Thursday, June 5, 2014

Architectural Word of the Day; 71 - 80


‘Oculus’ is Latin for ‘eye’ and refers prominently to the circular opening at the top of a dome. However, oculus is also used to describe the ‘eye’ of a volute and a round or elliptical window opening.


Oculus windows came in vogue in the French Baroque and can be found on iconic structures such as Versailles and the Louvre. ‘Œil de Boeuf’ means ‘bull’s-eye’.

Overlapping rings are a common feature of Gothic architecture. The open areas are referred to as ‘foils’, from the Latin word for leaf, ‘folium’.

The Ducal Palace in Venice prominently uses a quatrefoil, four leaf design.


‘Mutules’ are a specific species of bracket typical of the Doric architectural order, speculated to be representative of rafter tails from an earlier timber architecture. They are characterized by guttae along their bottom face and are aligned above the trigylphs.


When the metopes of the frieze are filled with animal sculpture relief, the frieze can alternatively be called a ‘zoophorous’ literally meaning ‘supporting an animal’ in ancient Greek.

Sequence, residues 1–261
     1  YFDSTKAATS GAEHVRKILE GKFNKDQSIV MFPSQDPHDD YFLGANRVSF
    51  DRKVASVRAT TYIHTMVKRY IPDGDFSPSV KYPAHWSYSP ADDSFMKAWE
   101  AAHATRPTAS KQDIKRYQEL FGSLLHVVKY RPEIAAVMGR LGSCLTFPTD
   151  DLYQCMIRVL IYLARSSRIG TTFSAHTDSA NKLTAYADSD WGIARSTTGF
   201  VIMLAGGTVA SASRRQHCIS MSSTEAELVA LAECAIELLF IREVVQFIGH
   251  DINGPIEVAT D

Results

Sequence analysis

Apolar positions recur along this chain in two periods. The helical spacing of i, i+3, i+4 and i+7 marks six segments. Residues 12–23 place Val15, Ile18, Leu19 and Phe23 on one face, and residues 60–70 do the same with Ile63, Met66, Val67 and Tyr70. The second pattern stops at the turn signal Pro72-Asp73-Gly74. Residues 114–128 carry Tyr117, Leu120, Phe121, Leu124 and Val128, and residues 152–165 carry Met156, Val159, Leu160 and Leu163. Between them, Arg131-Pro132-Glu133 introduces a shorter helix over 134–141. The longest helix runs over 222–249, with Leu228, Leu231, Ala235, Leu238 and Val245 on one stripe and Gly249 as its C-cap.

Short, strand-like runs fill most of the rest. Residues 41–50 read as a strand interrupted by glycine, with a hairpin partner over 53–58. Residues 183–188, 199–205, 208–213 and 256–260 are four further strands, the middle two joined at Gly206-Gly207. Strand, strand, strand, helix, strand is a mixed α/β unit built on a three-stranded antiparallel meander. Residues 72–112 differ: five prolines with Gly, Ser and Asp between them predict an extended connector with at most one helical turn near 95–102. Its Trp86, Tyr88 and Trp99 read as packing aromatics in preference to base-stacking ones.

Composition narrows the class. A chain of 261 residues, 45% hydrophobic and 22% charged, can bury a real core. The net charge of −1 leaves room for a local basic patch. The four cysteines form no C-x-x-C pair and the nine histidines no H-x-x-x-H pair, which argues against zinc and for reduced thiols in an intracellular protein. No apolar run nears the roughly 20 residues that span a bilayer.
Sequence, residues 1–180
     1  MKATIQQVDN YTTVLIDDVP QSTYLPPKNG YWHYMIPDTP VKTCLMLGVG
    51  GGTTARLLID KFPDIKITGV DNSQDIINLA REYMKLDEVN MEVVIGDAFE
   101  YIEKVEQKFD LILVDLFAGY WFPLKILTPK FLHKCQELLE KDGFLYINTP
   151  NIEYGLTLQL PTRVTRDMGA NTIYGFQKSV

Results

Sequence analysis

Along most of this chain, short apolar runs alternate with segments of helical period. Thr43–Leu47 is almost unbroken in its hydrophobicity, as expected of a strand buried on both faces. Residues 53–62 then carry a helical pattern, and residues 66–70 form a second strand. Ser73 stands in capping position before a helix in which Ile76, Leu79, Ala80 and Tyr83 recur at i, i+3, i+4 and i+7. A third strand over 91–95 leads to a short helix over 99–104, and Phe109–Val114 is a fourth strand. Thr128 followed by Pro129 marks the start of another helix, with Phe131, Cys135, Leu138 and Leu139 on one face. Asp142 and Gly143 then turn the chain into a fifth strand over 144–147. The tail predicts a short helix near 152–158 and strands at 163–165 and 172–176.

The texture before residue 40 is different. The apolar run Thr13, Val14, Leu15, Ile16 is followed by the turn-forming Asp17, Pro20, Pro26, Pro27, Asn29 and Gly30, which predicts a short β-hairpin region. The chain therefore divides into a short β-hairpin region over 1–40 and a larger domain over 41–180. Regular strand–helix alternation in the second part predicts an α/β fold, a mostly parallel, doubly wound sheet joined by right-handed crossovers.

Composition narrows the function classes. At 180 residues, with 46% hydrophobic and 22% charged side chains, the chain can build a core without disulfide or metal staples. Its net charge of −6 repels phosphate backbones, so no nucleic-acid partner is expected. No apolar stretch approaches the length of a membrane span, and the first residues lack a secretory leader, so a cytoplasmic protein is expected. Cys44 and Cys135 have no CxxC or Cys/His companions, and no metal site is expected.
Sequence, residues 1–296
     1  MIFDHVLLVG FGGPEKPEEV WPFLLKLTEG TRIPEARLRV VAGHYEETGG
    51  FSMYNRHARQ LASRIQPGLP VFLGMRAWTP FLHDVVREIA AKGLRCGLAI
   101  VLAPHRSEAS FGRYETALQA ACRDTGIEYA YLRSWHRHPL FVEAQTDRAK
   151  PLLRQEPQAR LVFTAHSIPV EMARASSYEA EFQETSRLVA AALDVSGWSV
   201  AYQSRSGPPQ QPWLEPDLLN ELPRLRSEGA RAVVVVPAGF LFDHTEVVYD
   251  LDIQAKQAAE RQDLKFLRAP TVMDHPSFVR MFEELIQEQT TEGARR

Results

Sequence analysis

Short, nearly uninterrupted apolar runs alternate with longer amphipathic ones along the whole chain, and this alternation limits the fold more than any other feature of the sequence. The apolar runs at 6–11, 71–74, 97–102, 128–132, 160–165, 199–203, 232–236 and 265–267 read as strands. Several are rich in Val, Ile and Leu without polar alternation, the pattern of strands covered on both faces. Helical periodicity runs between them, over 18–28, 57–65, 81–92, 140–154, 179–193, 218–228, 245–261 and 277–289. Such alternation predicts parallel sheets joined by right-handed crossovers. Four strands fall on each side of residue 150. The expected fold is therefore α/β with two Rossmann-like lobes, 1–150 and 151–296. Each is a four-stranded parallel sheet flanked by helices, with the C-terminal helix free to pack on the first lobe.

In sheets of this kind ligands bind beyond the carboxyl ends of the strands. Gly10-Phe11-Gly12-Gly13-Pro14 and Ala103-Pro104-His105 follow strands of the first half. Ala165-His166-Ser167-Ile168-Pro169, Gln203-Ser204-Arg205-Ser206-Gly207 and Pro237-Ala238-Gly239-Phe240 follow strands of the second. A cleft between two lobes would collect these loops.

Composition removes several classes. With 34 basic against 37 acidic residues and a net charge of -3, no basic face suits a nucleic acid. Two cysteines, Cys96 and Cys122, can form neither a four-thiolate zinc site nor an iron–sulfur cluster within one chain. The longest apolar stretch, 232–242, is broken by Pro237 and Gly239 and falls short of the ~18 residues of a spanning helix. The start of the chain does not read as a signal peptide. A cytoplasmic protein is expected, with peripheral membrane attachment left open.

Out of the three I would venture that ‘festoon’ is the more serious, architectural term. All three can refer to an ornamental representation of bunched, hanging leaves sometimes with fruits and flowers.

If just fabric is depicted, ‘swag’ is the appropriate term.


Spanish architect Rafael Guastavino made popular a Mediterranean system of vaulting with interlocking clay
tiles laid out in the form of an inverted catenary profile. It was introduced to the United States during the late 19th thru earlier 20th century and can be seen in many public landmarks such as Grand Central Station, NY.

The tradition continues in France under the name ‘le voute Sarrazine’, utilized to create delicate helix shaped staircases. A traditional gypsum plaster is used as mortar.

Contributed by Patrick Webb  

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